In the immediate wake of Monday’s horrific events in Boston, I have wanted to reach out and say something poignant, or at least something soothing, or just anything useful at all. But nothing I can summon from the nauseated pit in my stomach has seemed adequate. The news of the violence at the Boston marathon affected me physically, as I know it did many others. We are all intrinsically connected in a million wonderful ways; how can we not feel the this pain?
Where I have failed to write productively, my dear friend Margi has crafted a beautiful piece that I hope you take a few minutes to read. I am so happy to know that she is okay.
Anyway, as I said, for the last two days forming sentences that might help has been a futile venture. All I can do is channel my energy back into life. Block out darkness as much as I can and water deeply the roots of nourishing things. Romance. Friendship. Gardens. Love. Literature. Health. Art. Prayer. These things matter, and feeding them makes such a difference. They cushion us against destruction and devastation.
Storm clouds are gathering here at the farm as I type this. We are told to expect giant hail, thunderstorms, and tornadoes again today. Already the air is a brackish mix of warm and cool, moist and windy. Not unlike the world, our weather threatens to crush us over and over again.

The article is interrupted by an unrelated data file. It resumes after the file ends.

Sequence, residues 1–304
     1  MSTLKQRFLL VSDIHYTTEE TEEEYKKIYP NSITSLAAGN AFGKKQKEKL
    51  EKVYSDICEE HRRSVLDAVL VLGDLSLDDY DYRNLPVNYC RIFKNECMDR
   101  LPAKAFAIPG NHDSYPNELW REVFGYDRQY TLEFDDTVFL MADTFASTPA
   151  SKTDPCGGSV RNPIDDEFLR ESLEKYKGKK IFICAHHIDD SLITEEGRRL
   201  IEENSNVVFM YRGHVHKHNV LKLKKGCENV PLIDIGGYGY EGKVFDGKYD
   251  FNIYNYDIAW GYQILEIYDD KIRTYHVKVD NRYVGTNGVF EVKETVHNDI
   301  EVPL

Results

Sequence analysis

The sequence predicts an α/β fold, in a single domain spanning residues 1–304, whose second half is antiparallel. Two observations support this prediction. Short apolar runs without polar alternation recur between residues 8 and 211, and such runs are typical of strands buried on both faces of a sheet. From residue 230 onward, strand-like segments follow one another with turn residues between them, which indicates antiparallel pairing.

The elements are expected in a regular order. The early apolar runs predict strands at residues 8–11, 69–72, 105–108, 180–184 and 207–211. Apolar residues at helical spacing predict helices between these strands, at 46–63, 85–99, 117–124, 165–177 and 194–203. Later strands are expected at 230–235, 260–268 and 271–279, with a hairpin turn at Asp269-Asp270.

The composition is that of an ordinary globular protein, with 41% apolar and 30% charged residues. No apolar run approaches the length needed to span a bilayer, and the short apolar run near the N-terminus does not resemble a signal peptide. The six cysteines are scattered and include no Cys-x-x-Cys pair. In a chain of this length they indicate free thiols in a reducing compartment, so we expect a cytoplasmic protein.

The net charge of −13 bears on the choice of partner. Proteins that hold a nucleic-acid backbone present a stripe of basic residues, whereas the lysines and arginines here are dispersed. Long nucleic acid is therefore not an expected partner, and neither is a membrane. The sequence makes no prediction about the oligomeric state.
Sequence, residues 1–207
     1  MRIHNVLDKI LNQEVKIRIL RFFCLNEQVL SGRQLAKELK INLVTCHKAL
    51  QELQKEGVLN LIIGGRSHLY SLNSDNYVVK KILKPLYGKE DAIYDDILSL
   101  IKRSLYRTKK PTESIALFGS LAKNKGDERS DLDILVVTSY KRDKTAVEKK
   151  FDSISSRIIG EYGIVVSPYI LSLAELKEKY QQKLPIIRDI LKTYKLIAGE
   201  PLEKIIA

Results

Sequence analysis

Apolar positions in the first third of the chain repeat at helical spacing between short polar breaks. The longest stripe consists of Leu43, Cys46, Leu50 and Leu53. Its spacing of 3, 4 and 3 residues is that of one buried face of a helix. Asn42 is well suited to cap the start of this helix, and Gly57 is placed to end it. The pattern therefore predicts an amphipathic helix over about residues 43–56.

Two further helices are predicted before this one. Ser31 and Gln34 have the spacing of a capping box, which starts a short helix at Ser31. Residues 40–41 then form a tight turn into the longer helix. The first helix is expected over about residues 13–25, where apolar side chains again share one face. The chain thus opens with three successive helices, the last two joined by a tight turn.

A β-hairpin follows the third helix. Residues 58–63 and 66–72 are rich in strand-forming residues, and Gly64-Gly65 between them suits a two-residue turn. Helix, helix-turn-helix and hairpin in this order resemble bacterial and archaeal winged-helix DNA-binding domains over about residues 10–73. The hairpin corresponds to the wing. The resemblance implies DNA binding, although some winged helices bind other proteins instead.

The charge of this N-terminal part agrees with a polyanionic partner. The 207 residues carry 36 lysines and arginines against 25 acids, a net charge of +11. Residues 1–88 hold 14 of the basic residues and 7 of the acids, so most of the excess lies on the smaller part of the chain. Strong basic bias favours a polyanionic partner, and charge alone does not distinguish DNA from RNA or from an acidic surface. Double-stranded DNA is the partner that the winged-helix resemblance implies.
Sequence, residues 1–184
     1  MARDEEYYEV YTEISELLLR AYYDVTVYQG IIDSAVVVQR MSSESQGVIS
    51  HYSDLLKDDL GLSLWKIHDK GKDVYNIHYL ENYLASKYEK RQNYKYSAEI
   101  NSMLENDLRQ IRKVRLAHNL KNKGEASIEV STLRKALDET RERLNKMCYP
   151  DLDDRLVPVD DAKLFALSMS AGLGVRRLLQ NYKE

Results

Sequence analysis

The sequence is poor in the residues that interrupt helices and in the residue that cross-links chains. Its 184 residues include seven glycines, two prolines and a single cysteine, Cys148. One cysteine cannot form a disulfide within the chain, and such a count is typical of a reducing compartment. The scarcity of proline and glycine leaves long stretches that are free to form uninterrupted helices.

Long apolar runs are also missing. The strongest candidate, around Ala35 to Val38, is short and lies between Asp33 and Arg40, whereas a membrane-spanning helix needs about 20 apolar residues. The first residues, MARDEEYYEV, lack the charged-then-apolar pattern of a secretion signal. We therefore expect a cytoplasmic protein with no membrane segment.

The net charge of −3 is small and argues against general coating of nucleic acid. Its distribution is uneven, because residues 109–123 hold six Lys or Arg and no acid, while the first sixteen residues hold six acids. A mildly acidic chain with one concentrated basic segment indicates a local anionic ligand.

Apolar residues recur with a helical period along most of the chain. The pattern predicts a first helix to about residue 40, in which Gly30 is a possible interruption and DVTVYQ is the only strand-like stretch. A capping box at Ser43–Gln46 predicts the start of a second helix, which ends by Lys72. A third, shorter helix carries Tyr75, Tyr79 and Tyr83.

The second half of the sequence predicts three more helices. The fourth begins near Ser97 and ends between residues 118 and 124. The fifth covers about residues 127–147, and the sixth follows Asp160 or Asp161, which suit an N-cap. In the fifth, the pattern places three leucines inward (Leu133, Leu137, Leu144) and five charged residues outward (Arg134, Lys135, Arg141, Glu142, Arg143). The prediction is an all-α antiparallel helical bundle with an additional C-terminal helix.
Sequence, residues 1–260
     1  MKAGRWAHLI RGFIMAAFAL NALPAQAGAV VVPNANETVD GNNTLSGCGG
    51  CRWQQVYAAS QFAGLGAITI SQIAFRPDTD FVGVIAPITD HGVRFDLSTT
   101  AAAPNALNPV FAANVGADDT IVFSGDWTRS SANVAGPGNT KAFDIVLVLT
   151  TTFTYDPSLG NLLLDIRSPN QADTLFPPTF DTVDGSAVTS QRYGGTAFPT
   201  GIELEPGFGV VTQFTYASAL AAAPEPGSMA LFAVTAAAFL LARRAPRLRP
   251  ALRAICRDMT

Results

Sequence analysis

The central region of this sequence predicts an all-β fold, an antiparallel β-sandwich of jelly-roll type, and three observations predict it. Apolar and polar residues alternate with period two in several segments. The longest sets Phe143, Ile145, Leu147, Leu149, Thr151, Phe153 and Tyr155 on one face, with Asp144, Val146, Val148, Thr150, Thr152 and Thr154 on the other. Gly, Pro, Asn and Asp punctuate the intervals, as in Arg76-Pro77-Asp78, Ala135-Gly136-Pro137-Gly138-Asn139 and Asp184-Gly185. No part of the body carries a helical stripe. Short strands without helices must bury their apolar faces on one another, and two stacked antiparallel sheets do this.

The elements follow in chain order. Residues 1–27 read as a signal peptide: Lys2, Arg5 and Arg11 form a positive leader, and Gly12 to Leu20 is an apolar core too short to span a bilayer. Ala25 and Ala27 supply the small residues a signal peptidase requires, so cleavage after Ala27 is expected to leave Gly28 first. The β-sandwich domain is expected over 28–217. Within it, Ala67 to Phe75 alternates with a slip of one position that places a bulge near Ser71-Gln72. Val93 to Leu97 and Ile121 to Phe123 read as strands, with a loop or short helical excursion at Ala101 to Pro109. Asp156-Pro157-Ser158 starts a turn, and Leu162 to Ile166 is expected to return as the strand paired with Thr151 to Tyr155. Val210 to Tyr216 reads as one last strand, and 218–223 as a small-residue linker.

But we will be okay. Light drives out darkness. And storms pass.
Here in Oklahoma we all still have fresh memories of the Murrah Building Bombing, which unbelievably happened eighteen years ago this Friday. (I was pregnant with my firstborn that spring, which also does not feel like eighteen years ago…) The commemorative Oklahoma City Memorial Marathon is right around the corner. So along with thousands of other people I am preparing for that. And every mile I grab this month is dedicated to Boston. If ever a run could be meditative and prayerful, it’s right now. To the city of Boston, I am praying for your comfort, provision, safety, calmness, healing, and future happiness.
If you cannot eliminate grief, then increase your joy. That’s all I can do. And it does help.